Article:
University of Leicester. (2014, June 25). Global manufacturer shows the dark heart of nearshoring. ScienceDaily. Retrieved July 22, 2014 from www.sciencedaily.com/releases/2014/06/140625114717.htm
University of Leicester. "Global manufacturer shows the dark heart of nearshoring." ScienceDaily. www.sciencedaily.com/releases/2014/06/140625114717.htm (accessed July 22, 2014).

Share This




More Science & Society News

Tuesday, July 22, 2014

Featured Research

from universities, journals, and other organizations


Featured Videos

from AP, Reuters, AFP, and other news services

What Self-Made Women Need to Know Financially Before Getting Hitched

What Self-Made Women Need to Know Financially Before Getting Hitched

TheStreet (July 21, 2014) Halle Berry was recently ordered to pay her ex-boyfriend Gabriel Aubry $16,000 a month in child support by a California judge for their daughter Nahla. As women make strides in the workforce, they are increasingly left holding the bag when relationships end regardless of marital status. 'What Monied Women Need to Know Before Getting Married or Cohabitating' discusses information such as debt incurred during the marriage is both spouse's responsibility at divorce, whether after ten years of marriage spouses are entitled to half of everything and why property acquired within the marriage is fair game without a pre-nup. Video provided by TheStreet
Powered by NewsLook.com
$23.6 Billion Awarded To Widow In Smoking Lawsuit

$23.6 Billion Awarded To Widow In Smoking Lawsuit

Newsy (July 20, 2014) Cynthia Robinson claims R.J. Reynolds Tobacco Company hid the health and addiction risks of its products, leading to the death of her husband in 1996. Video provided by Newsy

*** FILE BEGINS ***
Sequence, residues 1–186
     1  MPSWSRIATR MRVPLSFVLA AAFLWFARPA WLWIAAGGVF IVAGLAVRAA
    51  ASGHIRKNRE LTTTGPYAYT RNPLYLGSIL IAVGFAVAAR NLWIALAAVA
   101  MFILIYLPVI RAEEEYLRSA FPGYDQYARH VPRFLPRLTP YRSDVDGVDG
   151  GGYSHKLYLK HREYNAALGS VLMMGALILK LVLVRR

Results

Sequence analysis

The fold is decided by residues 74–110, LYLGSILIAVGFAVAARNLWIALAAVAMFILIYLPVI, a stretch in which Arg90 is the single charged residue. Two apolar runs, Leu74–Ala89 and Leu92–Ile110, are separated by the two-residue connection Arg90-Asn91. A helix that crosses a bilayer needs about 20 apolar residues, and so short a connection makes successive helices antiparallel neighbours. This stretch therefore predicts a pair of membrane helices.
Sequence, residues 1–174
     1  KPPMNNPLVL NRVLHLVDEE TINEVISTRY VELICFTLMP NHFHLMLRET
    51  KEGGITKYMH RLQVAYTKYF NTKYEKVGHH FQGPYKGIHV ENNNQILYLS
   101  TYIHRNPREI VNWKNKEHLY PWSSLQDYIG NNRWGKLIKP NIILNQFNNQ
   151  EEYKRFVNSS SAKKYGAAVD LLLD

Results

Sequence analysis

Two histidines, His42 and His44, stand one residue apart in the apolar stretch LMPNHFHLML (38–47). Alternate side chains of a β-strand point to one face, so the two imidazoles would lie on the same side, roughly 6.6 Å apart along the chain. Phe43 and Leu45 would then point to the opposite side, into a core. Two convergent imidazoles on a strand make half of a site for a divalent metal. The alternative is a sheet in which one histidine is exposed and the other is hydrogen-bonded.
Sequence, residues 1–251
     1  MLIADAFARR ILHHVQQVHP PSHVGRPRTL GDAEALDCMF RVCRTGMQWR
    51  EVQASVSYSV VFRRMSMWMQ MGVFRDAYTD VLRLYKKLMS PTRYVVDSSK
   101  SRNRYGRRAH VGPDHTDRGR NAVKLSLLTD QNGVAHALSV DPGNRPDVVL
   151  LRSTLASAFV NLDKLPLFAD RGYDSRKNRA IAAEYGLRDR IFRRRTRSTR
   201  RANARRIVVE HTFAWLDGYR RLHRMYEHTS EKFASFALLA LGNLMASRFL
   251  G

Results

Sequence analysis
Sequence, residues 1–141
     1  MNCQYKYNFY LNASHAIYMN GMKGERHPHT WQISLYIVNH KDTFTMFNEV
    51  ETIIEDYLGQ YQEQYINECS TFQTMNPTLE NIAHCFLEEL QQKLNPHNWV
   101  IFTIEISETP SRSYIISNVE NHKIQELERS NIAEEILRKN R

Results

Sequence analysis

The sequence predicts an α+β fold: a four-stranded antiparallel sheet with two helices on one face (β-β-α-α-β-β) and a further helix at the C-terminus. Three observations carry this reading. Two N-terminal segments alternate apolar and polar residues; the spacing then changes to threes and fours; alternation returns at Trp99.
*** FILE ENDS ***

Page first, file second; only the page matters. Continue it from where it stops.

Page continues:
Powered by NewsLook.com
Clock Ticks Down on Internet Speed Debate

Clock Ticks Down on Internet Speed Debate

Reuters - US Online Video (July 18, 2014) The FCC received more than 800,000 comments on whether and how internet speeds should be regulated, even crashing its system. Lily Jamali reports. Video provided by Reuters
Powered by NewsLook.com
Raw: Wildfire Tears Through Washington

Raw: Wildfire Tears Through Washington

AP (July 18, 2014) A large wildfire continued to gain steam through north-central Washington Friday. The blaze is already responsible for the destruction of at least 100 homes. (July 18) Video provided by AP
Powered by NewsLook.com

Search ScienceDaily

Number of stories in archives: 140,361

Find with keyword(s):
Enter a keyword or phrase to search ScienceDaily for related topics and research stories.

Save/Print:
Share:

Breaking News:
from the past week

In Other News

... from NewsDaily.com

Science News

Health News

Environment News

Technology News



Save/Print:
Share:

Free Subscriptions


Get the latest science news with ScienceDaily's free email newsletters, updated daily and weekly. Or view hourly updated newsfeeds in your RSS reader:

Get Social & Mobile


Keep up to date with the latest news from ScienceDaily via social networks and mobile apps:

Have Feedback?


Tell us what you think of ScienceDaily -- we welcome both positive and negative comments. Have any problems using the site? Questions?
Mobile: iPhone Android Web
Follow: Facebook Twitter Google+
Subscribe: RSS Feeds Email Newsletters
Latest Headlines Health & Medicine Mind & Brain Space & Time Matter & Energy Computers & Math Plants & Animals Earth & Climate Fossils & Ruins